Modelled and observed changes in aerosols and surface solar radiation over Europe between 1960 and 2009
Atmospheric Chemistry and Physics
European Geosciences Union
This is the final version of the article. Available from the European Geosciences Union via the DOI in this record.
Substantial changes in anthropogenic aerosols and precursor gas emissions have occurred over recent decades due to the implementation of air pollution control legislation and economic growth. The response of atmospheric aerosols to these changes and the impact on climate are poorly constrained, particularly in studies using detailed aerosol chemistry–climate models. Here we compare the HadGEM3-UKCA (Hadley Centre Global Environment Model-United Kingdom Chemistry and Aerosols) coupled chemistry–climate model for the period 1960–2009 against extensive ground-based observations of sulfate aerosol mass (1978–2009), total suspended particle matter (SPM, 1978– 1998), PM10 (1997–2009), aerosol optical depth (AOD, 2000–2009), aerosol size distributions (2008–2009) and surface solar radiation (SSR, 1960–2009) over Europe. The model underestimates observed sulfate aerosol mass (normalised mean bias factor (NMBF) = −0.4), SPM (NMBF = −0.9), PM10 (NMBF = −0.2), aerosol number concentrations (N30 NMBF = −0.85; N50 NMBF = −0.65; and N100 NMBF = −0.96) and AOD (NMBF = −0.01) but slightly overpredicts SSR (NMBF = 0.02). Trends in aerosol over the observational period are well simulated by the model, with observed (simulated) changes in sulfate of −68 % (−78 %), SPM of −42 % (−20 %), PM10 of −9 % (−8 %) and AOD of −11 % (−14 %). Discrepancies in the magnitude of simulated aerosol mass do not affect the ability of the model to reproduce the observed SSR trends. The positive change in observed European SSR (5 %) during 1990–2009 (“brightening”) is better reproduced by the model when aerosol radiative effects (ARE) are included (3 %), compared to simulations where ARE are excluded (0.2 %). The simulated topof-the-atmosphere aerosol radiative forcing over Europe under all-sky conditions increased by > 3.0 W m−2 during the period 1970–2009 in response to changes in anthropogenic emissions and aerosol concentrations.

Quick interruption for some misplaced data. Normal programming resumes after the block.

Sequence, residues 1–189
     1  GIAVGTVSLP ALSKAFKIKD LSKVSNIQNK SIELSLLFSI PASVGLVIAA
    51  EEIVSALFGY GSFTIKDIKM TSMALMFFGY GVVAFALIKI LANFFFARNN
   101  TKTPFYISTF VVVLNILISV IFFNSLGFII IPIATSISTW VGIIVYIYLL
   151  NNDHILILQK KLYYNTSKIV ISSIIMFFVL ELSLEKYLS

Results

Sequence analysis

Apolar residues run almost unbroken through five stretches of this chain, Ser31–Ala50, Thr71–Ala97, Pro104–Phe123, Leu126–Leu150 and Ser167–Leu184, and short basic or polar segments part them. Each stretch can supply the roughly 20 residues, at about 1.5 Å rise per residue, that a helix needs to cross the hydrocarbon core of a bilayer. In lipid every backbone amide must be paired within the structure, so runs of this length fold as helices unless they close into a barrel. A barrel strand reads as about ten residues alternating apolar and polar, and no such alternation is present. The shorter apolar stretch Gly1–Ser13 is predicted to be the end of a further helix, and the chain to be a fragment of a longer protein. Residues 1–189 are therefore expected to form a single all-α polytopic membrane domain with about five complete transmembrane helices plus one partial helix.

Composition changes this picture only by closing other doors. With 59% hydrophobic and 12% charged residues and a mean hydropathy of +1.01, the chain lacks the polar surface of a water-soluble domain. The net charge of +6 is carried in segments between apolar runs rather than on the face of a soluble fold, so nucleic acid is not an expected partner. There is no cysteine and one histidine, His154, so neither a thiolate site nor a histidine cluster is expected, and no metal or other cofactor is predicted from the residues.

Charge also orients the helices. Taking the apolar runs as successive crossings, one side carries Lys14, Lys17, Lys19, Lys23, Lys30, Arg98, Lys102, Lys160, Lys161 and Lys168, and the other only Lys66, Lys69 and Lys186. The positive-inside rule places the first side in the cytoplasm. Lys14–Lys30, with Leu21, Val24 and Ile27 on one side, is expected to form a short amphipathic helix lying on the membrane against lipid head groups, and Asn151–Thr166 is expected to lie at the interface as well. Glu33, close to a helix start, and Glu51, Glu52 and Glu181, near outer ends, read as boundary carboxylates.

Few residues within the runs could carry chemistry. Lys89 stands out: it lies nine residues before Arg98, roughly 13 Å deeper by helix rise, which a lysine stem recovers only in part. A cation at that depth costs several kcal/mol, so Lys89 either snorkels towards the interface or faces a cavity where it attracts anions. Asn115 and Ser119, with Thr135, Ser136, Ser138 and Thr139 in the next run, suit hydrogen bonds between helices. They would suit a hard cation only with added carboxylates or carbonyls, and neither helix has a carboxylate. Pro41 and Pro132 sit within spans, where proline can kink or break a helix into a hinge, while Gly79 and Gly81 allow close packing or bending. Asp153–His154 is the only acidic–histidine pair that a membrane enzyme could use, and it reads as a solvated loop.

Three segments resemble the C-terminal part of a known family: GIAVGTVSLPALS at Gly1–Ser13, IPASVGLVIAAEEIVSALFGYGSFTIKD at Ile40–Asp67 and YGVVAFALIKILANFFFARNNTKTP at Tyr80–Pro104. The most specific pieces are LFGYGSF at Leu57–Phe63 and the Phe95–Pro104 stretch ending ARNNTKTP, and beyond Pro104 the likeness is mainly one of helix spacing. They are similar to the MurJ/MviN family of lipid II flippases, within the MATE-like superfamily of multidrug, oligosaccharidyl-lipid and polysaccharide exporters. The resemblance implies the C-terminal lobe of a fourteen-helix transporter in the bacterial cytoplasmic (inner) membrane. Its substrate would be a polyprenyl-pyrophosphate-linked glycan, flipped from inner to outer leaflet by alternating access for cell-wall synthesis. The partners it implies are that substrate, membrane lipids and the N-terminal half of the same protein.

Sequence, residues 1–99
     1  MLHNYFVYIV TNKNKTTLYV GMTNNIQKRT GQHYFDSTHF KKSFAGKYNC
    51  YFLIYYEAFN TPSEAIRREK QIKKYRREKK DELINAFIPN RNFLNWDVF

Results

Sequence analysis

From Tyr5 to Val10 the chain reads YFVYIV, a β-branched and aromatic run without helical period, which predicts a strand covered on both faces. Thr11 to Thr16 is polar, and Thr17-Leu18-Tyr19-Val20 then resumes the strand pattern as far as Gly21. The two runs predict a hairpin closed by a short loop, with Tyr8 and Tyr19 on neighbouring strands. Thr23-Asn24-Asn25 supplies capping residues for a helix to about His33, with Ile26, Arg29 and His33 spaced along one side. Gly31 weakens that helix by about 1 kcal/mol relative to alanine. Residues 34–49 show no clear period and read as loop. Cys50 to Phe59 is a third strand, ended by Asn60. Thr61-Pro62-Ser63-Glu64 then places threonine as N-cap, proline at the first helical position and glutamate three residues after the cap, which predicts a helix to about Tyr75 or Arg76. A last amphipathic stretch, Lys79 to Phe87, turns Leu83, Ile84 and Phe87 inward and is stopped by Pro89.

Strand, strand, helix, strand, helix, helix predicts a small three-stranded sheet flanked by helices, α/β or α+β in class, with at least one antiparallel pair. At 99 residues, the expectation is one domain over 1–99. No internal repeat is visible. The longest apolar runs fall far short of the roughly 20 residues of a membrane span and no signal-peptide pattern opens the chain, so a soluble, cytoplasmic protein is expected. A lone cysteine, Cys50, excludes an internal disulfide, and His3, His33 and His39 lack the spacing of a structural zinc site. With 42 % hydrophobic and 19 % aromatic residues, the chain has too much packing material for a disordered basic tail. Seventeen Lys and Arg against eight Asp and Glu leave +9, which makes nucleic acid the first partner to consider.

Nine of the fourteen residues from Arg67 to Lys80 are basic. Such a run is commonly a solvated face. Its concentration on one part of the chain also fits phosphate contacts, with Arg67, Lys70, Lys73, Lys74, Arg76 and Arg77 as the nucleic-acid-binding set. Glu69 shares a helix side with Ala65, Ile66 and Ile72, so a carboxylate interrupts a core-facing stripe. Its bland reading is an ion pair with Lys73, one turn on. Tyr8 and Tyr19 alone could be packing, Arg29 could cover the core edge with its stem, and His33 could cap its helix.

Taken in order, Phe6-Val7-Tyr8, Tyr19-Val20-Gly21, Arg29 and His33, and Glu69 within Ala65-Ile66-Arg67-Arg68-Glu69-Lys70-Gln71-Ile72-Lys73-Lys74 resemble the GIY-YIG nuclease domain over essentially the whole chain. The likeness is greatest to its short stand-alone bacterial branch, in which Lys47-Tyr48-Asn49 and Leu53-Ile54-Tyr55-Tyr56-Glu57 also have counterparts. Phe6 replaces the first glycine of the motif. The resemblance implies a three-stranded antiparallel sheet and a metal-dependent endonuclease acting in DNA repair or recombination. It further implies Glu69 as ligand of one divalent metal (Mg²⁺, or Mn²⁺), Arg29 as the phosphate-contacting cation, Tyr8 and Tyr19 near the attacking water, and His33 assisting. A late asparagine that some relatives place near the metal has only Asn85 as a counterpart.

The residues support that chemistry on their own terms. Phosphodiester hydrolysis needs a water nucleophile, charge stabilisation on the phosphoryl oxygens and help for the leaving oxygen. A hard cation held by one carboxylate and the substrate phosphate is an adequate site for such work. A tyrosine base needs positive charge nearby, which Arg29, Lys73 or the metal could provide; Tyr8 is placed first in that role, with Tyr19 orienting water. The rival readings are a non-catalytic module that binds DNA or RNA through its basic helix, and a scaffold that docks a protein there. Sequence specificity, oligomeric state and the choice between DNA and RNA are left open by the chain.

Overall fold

Steven Turnock would like to acknowledge the funding for his PhD studentship from the Natural Environment Research Council (NERC) and Met Office. For making their data available to be used in this study we would like to acknowledge the EMEP, GEBA and AERONET measurement networks along with any data managers involved in data collection. We would also like to acknowledge Ari Asmi for providing the aerosol size distribution data from the EUSAAR and GUAN networks and Carly Reddington for pre-processing this data set for use in the model evaluation. Anthropogenic and biomass-burning emissions from the MACCity data set were retrieved from the ECCAD emissions server. This work was also made possible by participation in the EU Framework 7 PEGASOS project (no. 265148). We acknowledge use of the MONSooN system, a collaborative facility supplied under the Joint Weather and Climate Research Programme, a strategic partnership between the Met Office and the Natural Environment Research Council. Matthew Woodhouse would like to thank the Royal Society for support via the International Exchange Scheme. Arturo Sanchez-Lorenzo was supported by a postdoctoral fellowship JCI-2012-12508 and projects CGL2014-55976-R, CGL2014-52135-C3-1-R financed by the Spanish Ministry of Economy and Competitiveness.
Atmospheric Chemistry and Physics, Vol. 15, pp. 9477 - 9500